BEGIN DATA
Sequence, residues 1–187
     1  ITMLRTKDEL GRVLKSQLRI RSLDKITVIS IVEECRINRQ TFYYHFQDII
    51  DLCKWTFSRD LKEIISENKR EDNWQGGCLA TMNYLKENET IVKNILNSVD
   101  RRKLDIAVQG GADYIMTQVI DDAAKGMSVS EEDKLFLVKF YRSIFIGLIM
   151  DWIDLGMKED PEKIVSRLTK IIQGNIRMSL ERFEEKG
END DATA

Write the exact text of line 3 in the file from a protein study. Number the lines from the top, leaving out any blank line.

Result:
    51  DLCKWTFSRD LKEIISENKR EDNWQGGCLA TMNYLKENET IVKNILNSVD